Numerous strategies by antiabortion groups to curb women’s constitutional right to abortion are frequently reported in the news, and come as no surprise. However, a recent development illustrates novel circumstances in which people are using legal maneuvers to conspire to restrict medical decisions by patients and their families even when the right to abortion is not at issue.
On January 8, 2014, a front-page story in the New York Times reported the case of Marlise Munoz, a pregnant, brain-dead woman in Texas who was being kept on life support. Despite the patient’s stated wish—according to her parents—“not to be left on life support,” the Texas hospital invoked a state law that prohibits doctors from removing life support from pregnant patients. In contrast to other cases in which family members of patients on life support have insisted on continuation of medical treatment despite the futility of such treatment, in the present case the parents and husband of the brain-dead patient have been seeking removal of life support.
This case has several peculiarities. One is that the woman is dead. “Brain-dead” means dead, despite the metaphorical use of the term in common parlance.
Like every other state in the U.S., Texas has a law on advance directives—wishes expressed by persons with decisional capacity regarding what they would want by way of medical treatment if they lose capacity and become incompetent. That law defines “life-sustaining treatment” as “treatment that, based on reasonable medical judgment, sustains the life of a patient and without which the patient will die.”
Ms. Munoz is already dead, so it is reasonable to question whether the statute is even applicable to this case. The Texas law also contains the provision that prohibits removing life support from a pregnant patient: “A person may not withdraw or withhold life-sustaining treatment under this subchapter from a pregnant patient.”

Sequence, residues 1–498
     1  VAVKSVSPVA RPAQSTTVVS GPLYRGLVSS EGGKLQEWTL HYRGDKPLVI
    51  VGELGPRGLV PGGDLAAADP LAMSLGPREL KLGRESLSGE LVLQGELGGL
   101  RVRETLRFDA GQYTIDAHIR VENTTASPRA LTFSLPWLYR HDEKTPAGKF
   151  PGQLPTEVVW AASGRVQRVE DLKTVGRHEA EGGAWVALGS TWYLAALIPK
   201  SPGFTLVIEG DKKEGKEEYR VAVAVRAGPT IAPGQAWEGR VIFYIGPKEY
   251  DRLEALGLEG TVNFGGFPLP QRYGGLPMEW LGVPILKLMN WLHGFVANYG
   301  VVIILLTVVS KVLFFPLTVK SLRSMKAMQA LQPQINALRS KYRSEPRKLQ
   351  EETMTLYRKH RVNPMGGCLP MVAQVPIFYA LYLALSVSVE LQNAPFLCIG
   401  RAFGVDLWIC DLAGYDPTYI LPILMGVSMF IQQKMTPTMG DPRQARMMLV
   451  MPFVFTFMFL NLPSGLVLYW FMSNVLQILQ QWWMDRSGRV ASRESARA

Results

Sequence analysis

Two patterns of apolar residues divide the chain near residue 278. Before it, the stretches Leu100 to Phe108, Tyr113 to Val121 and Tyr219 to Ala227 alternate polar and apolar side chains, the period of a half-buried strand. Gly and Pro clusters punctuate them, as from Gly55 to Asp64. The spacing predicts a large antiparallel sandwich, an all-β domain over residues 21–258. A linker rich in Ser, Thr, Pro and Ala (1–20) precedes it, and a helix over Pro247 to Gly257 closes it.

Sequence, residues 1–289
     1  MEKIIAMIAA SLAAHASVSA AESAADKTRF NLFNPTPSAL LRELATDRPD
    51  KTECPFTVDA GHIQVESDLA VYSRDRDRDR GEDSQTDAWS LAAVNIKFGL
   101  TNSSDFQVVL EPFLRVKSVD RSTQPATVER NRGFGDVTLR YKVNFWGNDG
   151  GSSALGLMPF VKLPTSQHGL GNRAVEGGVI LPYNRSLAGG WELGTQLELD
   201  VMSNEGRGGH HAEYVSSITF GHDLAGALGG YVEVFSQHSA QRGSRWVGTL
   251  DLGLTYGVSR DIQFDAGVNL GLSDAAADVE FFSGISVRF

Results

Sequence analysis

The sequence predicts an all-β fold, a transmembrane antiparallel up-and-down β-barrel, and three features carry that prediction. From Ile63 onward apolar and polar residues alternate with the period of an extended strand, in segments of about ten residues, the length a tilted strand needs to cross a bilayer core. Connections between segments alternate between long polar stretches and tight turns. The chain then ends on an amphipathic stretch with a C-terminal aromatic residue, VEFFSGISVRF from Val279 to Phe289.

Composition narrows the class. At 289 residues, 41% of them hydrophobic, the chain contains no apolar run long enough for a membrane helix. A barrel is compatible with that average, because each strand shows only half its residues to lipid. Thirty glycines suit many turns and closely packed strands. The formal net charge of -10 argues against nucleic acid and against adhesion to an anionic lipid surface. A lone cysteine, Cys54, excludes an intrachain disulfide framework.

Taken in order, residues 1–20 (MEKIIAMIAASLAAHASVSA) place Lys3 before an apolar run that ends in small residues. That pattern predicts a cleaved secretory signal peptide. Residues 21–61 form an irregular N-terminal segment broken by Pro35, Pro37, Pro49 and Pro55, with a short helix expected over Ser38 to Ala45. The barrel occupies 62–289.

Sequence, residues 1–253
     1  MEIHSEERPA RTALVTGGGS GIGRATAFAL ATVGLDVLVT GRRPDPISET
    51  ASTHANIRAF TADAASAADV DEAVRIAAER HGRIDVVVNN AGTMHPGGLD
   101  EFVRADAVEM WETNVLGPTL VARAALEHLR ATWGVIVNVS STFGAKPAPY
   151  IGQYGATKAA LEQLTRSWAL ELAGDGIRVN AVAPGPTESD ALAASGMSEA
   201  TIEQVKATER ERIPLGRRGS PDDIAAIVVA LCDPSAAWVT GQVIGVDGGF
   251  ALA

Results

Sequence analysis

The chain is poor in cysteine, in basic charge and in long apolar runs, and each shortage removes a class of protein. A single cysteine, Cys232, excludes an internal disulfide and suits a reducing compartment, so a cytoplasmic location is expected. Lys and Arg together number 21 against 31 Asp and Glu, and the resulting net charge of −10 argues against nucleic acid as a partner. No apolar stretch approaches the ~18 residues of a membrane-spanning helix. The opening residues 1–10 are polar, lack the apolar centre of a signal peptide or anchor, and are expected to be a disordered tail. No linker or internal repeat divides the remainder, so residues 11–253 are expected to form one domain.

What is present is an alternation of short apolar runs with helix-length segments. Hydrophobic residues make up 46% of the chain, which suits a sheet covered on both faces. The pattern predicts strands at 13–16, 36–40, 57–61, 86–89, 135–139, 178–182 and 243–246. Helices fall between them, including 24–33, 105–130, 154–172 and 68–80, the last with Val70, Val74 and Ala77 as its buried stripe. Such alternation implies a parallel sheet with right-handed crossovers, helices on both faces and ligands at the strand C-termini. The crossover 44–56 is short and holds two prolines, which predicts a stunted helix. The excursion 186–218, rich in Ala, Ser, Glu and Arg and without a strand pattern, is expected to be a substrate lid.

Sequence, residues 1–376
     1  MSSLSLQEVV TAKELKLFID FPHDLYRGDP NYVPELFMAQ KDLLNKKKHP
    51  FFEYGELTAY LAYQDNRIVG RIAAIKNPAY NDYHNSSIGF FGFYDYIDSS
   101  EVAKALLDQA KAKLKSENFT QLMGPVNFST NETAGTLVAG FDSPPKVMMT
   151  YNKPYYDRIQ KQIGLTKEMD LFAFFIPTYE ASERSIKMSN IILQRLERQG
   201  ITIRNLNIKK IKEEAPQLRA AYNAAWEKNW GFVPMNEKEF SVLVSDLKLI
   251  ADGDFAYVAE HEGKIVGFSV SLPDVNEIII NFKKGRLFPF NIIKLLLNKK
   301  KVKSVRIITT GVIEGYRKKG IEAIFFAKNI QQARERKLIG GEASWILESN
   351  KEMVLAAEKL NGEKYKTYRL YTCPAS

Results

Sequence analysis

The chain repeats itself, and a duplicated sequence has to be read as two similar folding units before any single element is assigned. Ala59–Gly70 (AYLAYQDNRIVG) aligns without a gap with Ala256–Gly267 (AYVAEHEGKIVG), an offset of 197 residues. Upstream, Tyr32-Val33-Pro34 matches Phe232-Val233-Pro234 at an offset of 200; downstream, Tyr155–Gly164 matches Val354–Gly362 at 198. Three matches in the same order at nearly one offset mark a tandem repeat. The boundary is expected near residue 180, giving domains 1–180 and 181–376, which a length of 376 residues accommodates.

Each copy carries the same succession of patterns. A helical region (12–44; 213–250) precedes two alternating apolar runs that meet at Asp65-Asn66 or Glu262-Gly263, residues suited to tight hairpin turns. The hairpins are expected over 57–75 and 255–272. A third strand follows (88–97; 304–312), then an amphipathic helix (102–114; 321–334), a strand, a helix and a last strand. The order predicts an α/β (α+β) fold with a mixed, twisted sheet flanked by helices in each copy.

Finally, in the absence of a written advance directive, the law provides for the spouse, along with the attending physician, to make a decision to withdraw treatment of an incompetent patient. However, if the attending physician “refuses to honor a patient’s advance directive or a health care or treatment decision made by or on behalf of a patient,” the case must then be reviewed by an ethics committee, followed by a series of procedural steps. In the case of Ms. Munoz, the physician told the family that the hospital would not comply with the request to remove life support based on the Texas law that prohibits removal of life support from pregnant patients.
The story in the Times quotes comments on the case from several bioethicists. Arthur L. Caplan states, “The Texas Legislature can’t require doctors to do the impossible and try to treat someone who’s dead.” This remark misconstrues the nature of the case and in my view misses the point. The doctors are not attempting to treat a dead body. They are trying to keep the fetus alive by administering life support to the dead body in which the fetus still lives. A comment in the article by Thomas W. Mayo comes closer to the heart of the issue: “If she is dead, I don’t see how she can be a patient, and I don’t see how we can be talking about treatment options for her.”
The case may ultimately be decided on legal grounds—that is, whether the Texas statute is applicable to a dead body containing a living fetus. The ethical question, however, remains: Should a patient’s advance directives and her family’s decisions regarding removal of life support be overridden by the state’s determination to keep the fetus alive in a dead body?
The Times article points out a claim by critics of the hospital’s action that “the fetus has not reached the point of viability outside the womb and that Ms. Munoz would have a constitutional right to an abortion.” But this case is not about a right to abortion. It is about restricting the right to a medical decision by a patient and her family because the patient happens to be a pregnant woman.